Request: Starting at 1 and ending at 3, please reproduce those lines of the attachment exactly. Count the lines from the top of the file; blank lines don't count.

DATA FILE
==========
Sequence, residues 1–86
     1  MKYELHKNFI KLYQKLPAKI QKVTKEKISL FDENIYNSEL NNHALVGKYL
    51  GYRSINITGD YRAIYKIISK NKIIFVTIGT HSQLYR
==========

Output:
Sequence, residues 1–86
     1  MKYELHKNFI KLYQKLPAKI QKVTKEKISL FDENIYNSEL NNHALVGKYL
    51  GYRSINITGD YRAIYKIISK NKIIFVTIGT HSQLYR